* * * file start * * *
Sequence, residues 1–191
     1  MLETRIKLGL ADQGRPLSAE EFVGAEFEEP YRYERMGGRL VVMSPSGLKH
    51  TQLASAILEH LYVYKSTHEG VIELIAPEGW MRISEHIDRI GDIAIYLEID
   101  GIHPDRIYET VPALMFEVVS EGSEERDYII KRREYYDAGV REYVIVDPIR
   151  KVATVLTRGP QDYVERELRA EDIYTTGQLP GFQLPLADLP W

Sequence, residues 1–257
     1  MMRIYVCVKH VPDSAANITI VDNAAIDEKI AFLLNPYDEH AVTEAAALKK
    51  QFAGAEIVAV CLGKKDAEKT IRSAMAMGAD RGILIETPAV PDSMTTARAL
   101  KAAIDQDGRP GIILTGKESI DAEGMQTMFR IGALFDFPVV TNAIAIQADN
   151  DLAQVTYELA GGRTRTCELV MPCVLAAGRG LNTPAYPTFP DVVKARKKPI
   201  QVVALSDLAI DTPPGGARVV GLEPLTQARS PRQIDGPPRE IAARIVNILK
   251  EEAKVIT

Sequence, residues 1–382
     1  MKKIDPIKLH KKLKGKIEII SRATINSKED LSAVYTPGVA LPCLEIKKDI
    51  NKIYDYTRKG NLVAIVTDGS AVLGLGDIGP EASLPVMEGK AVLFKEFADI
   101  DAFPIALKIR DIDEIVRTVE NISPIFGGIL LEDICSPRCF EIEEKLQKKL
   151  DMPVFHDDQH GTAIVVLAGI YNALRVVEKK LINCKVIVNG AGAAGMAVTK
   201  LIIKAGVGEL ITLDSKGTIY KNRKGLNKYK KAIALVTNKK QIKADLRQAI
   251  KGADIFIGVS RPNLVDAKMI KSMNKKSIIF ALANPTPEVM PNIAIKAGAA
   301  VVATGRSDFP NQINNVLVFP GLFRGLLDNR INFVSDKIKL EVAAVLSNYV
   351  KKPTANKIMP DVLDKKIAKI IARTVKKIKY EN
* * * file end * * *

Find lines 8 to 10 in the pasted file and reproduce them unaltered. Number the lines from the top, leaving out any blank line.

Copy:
    51  QFAGAEIVAV CLGKKDAEKT IRSAMAMGAD RGILIETPAV PDSMTTARAL
   101  KAAIDQDGRP GIILTGKESI DAEGMQTMFR IGALFDFPVV TNAIAIQADN
   151  DLAQVTYELA GGRTRTCELV MPCVLAAGRG LNTPAYPTFP DVVKARKKPI